Let's start with ...
What is Science?
Many intelligent people have played around with defining science - some of them more seriously than others resulting in a variety of definitions.
I am sure you recognized ideas, within science definitions, you would include in your own personal definition of science and some you would not.
But, you say what is the real definition or the best definition? Well, from that list my favorite is:
A carpenter, a schoolteacher, and scientist were traveling by train through Scotland when they saw a black sheep through the window of the train.
"Aha," said the carpenter with a smile, "I see that Scottish sheep are black."
"Hmm," said the school teacher, "You mean that some Scottish sheep are black."
"No," said the scientist glumly, "All we know is that there is at least one sheep in Scotland, and that at least one side of that one sheep is black."
Awe ... come on you say, that can't be it. Probably not, but it really gets to the heart of science - Observation.
Everything we know, when doing science must be observable and not only observable, but repeatable or verifiable.
Thus, with observation being the basis of science, many philosophers have philosophized about observation: is it real, is it imagined, what makes better observations, and is every person's imagined observation exist only in their mind? ... and so on ... but I will leave these ideas for the interested to explore elsewhere ...
So let's move on ...
Enough ... get to a definition
Alas, there is not one. There are many things that science is and there are many things it is not; the most important that it is not, is anything that isn't based on verifiable observation.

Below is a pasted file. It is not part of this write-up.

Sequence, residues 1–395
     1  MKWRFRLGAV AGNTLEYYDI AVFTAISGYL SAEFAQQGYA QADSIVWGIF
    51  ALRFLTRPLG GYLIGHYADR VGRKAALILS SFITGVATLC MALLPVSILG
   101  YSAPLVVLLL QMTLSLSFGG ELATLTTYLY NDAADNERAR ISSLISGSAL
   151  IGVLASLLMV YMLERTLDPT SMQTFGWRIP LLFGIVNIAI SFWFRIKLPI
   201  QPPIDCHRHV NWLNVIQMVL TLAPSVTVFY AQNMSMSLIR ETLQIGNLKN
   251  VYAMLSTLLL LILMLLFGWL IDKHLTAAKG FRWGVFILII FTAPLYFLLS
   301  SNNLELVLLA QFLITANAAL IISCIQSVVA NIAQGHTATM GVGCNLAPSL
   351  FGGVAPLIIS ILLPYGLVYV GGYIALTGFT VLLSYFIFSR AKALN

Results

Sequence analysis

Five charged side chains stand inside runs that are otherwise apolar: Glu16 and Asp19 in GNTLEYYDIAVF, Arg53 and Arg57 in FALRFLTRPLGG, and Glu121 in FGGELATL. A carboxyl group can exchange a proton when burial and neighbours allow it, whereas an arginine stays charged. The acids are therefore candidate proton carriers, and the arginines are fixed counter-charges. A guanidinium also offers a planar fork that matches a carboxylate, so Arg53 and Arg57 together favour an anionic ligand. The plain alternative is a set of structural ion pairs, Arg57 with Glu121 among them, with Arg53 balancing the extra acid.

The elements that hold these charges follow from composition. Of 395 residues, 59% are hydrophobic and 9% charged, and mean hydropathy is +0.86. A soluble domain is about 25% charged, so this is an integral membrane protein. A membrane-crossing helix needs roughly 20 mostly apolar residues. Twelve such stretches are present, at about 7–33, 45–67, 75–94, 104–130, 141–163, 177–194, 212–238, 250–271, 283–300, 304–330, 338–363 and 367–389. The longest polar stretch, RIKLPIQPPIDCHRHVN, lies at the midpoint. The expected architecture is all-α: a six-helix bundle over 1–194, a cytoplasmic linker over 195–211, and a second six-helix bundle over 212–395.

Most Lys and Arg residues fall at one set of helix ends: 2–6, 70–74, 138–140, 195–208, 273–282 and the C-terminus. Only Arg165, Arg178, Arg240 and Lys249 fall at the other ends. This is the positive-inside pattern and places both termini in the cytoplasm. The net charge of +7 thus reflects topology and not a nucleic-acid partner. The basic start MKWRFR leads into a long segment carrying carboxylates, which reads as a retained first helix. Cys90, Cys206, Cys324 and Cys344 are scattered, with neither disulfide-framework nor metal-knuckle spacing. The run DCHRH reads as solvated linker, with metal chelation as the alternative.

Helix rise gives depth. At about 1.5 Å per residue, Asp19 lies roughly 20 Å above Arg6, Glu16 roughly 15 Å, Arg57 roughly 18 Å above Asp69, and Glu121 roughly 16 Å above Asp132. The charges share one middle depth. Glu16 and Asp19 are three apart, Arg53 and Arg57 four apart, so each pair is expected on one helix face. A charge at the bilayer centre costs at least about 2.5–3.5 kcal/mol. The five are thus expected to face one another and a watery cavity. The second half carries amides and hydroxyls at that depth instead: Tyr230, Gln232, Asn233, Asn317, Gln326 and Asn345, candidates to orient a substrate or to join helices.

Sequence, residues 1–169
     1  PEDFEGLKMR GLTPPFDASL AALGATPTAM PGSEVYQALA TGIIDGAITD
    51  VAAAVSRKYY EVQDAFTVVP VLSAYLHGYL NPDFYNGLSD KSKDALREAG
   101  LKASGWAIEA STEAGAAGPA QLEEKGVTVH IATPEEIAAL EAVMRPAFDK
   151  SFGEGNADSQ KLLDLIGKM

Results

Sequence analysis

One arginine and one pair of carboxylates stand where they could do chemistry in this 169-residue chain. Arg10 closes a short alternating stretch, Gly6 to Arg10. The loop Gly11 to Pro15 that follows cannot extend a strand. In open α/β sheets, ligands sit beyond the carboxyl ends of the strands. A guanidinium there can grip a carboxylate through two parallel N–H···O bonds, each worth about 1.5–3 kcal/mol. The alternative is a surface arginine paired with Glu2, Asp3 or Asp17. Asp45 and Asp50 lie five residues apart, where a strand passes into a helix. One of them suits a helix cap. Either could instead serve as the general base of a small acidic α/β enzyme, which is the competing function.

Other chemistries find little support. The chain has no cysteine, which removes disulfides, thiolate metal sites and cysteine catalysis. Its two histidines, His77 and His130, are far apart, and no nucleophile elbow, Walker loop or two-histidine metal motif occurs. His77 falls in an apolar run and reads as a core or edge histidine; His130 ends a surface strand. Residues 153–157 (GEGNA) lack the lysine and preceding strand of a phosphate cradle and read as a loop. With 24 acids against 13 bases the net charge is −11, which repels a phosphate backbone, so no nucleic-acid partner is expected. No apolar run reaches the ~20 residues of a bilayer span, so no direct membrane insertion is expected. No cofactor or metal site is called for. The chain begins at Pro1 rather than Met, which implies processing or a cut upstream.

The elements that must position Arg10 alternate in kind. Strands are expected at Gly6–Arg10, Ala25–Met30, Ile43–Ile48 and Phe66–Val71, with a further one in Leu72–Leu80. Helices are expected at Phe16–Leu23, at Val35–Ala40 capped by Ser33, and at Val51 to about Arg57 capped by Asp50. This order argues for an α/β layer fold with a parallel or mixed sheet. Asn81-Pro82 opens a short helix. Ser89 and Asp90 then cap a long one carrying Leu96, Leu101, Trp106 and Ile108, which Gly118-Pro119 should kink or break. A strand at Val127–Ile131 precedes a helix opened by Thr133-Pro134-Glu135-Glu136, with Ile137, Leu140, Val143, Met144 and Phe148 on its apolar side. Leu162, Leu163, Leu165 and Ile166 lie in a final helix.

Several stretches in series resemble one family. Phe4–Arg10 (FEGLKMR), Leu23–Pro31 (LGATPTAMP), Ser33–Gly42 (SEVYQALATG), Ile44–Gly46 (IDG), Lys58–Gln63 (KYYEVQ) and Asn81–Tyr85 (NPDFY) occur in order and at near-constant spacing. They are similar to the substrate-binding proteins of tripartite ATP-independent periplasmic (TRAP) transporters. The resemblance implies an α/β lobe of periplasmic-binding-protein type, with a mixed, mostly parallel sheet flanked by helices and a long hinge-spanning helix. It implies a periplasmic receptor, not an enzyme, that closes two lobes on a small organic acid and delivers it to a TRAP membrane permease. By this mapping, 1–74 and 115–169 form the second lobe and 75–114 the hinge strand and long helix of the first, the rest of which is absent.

Philosophy based on beliefs and assumptions, religion based on faith, intuition based on a gut feelings, or arguments built on assumptions that we are unwilling to challenge. Conclusions made based on these ideas, are not scientific.
That doesn't devalue those decisions, or put greater value on decisions that are scientific. It is human nature that decides what to value and what process or processes to use to decide what to believe or not. When we choose decisions based on verifiable observation, then science is the discipline that has been created and refined for that kind of decision making.
So what implications does this have for a professional science educator?
Fortunately, or unfortunately, it requires more study. A simple definition of science can be useful to point us in an appropriate direction, but unless that definition includes an in depth understanding of science as investigation, how to investigate, skills necessary for investigation, what has been learned and created by science; and what science can do, when to use it, and when not to; then a definition isn't very helpful for professional educators.
So the solution is to dig deeper, we need to explore ... science literacy.
From science definitions to science literacy
How to tame the powerful question: What is science literacy?
First, a little history:
In 1989 a group of scientists and educators joined together to create a project group and called themselves Project 2061. Their first task was to compile a book, Science for All Americans, a comprehensive description of what science literacy is. Is is and an excellent source for professional educators. This and more of their work is available at the (American Association for the Advancement of Science (AAAS).
The information in Science for All Americans, is a compilation created by an expert panel of scientists, mathematicians, social scientist, and technologists of what they believe every American graduate should know and be able to do to be science literate; not what a person needs to know to be a scientist, nor what a student needs to know to be awarded a science scholarship to a prestigious college or university to study in a science field, but what everyone should know. More importantly for you, it is what a professional educator needs to know to teach at any grade level. It is what can be included in a science knowledge base and professional science educators conceptual framework.